Transforming Mathematics Teaching through Games and Inquiry

Transforming Mathematics Teaching through Games and Inquiry

Karin Wiburg, Barbara Chamberlin, Karen M. Trujillo, Julia Lynn Parra, Theodore Stanford
DOI: 10.4018/978-1-5225-0120-6.ch003
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This chapter describes the design, development, and testing of a successful mathematics game-based intervention, Math Snacks, for students in grades 3–7. This program shows the impact of an integrative approach of developing Technological Pedagogical Content Knowledge (TPACK), where interactive digital media are combined with inquiry-based activities in classrooms facilitated by teacher involvement. Teachers played a key role in development and testing of Math Snacks, both by using them in their classrooms and by teaching core mathematics concepts connected to each module during annual summer camps. Via this multi-faceted participation, teachers experienced a change in their understanding of how digital tools can connect with inquiry-based pedagogy, mathematical content and pedagogical knowledge to facilitate successful learning for students. Teachers began to approach multimedia and games as part of an inquiry-based pedagogical approach for mathematics learning, rather than seeing games as tools for student practice after learning a concept.
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The design of Math Snacks began with an investigation of common gaps in students’ understanding of math concepts in grades 3–7. The mathematics education research team in the Institute for Excellence/Equity in Mathematics and Science Education (IEMSE) at New Mexico State University analyzed the results of 24,000 student scores on the New Mexico Standards-Based Assessment (NMSBA). On this test, half of the items were open-ended or short answer questions, so it was possible to see student misconceptions in mathematical thinking in ways not possible on multiple-choice-only tests. Researchers looked at the analysis of test results in several different districts and puzzled over almost identical patterns of strengths and weaknesses in student performance across districts, regardless of economic status, number of English Language learners, or size of the district. For example, students across all districts had particular trouble with number concepts and operations, as demonstrated by low average score points on test items focused on operations with decimals and fractions. Similar patterns of common mistakes were found across the districts in all of the mathematics strands, including geometry, data, and algebra. This research provided a road map for developers interested in designing materials to address common student misconceptions. These findings became the basis of an NSF-awarded grant for the development of innovative media, resulting in modules called Math Snacks.

Key Terms in this Chapter

Inquiry-Based Teaching: Inquiry-based instruction, in which teachers engage students in investigations and problem-solving, is part of foundational education reform. The type of learning requires teachers to shift emphasis from textbooks to exploring questions that are student-centered and can be answered empirically. The inquiry-based strategy uses authentic questions that are generated from student experiences ( Crawford, 1999 ).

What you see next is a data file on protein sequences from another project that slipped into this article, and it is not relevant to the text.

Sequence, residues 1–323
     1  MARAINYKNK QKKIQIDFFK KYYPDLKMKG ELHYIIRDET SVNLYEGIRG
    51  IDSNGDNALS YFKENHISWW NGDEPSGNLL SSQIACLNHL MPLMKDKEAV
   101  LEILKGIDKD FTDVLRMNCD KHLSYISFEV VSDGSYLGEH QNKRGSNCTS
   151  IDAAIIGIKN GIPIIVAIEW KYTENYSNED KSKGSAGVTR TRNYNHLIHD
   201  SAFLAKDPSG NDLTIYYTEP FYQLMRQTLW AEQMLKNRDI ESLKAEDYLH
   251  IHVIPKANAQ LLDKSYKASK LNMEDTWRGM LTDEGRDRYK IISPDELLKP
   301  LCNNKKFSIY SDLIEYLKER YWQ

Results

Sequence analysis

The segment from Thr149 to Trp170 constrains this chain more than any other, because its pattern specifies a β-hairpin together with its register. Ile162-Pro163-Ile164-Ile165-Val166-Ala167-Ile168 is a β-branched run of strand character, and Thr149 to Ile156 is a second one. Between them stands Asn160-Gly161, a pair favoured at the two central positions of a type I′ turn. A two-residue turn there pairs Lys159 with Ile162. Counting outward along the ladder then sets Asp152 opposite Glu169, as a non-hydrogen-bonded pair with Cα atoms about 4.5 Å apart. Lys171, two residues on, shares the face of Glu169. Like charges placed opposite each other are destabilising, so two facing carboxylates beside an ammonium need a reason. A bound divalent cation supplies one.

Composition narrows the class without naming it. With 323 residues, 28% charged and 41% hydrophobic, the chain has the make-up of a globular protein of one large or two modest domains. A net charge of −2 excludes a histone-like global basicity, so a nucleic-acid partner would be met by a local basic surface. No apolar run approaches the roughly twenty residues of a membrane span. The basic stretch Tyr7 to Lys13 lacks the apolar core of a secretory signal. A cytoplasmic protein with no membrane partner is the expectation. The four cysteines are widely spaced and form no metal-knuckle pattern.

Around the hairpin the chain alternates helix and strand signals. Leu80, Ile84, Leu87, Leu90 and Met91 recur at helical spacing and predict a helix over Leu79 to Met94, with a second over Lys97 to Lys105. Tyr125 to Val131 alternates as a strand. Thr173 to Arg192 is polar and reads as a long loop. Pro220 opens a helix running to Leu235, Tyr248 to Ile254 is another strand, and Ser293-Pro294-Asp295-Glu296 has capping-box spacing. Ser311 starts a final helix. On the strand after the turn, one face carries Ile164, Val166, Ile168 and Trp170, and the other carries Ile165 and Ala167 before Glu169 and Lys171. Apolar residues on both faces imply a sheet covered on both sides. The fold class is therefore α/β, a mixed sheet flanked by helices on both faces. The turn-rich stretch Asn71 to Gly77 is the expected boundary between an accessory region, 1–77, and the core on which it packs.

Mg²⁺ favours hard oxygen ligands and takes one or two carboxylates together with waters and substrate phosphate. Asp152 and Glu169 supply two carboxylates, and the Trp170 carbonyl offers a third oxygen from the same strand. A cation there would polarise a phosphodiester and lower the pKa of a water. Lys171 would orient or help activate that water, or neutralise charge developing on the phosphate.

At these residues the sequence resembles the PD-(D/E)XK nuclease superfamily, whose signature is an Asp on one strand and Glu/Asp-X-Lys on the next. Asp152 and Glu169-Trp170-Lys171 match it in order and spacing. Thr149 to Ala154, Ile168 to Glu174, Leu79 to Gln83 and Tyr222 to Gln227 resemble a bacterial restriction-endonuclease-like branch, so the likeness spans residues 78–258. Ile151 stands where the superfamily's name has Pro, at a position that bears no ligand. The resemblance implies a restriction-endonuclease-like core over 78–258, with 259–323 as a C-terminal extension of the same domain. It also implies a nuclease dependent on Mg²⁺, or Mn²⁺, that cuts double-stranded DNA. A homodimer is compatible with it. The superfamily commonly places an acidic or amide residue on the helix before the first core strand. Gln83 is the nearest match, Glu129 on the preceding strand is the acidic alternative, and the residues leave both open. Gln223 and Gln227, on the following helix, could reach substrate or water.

Math Snacks: A series of educational games and animations focusing on key concepts in math learning. Produced in collaboration among mathematics educators, mathematicians, learning specialists and game developers, Math Snacks supplements instruction by making math more accessible and conveying topics in a creative, visual, and applied ways. Each of the modules aligns with Common Core Standards and is accompanied by teacher and learner guides, a teaching protocol, and an instructional video.

TPACK: An integrative approach of developing technology, pedagogy, and content knowledge in teachers.

OLE (Observation of Learning Environment): Tool for observation of classroom learning environment that sets high standards for student-centered and inquiry-based teaching strategies.

Serious Games: Also frequently called educational games or our preferred term, transformational games , games designed to change learner’s knowledge, understanding or behavior.

Game-Based Learning: Often used to contrast a type of game-play that is different from gamification , game-based learning reflects learning that occurs when immersed in gameplay, usually specific to a content area or type of behavioral change. Gamification is the application of game-like mechanics to provide incentives for doing a certain type of behavior (such as awarding points in a frequent flier program or having different friends compete to complete the most steps on their motion tracker). Game-based learning reflects deeper learning and transformation, and generally includes an immersive environment in which learners solve problems, explore and reflect. It can include both the game, and companion activities that build on what the game introduces.

The Mathematics Reform Curriculum: A mathematics curriculum that focuses on conceptual learning of content for students by focusing on fewer concepts that are taught and learned at a deep level. This curriculum is in response to research studies of mathematics education in high-performing countries that suggest mathematics curriculum in the United States must become substantially more focused and coherent in order to improve mathematics achievement in this country. The resulting Standards (Introduction to Common Core Standards for Mathematics) aim for clarity and specificity. There are many ways to organize curricula. The challenge, now rarely met, is to avoid those that distort mathematics and turn off students ( Steen, 2007 ).

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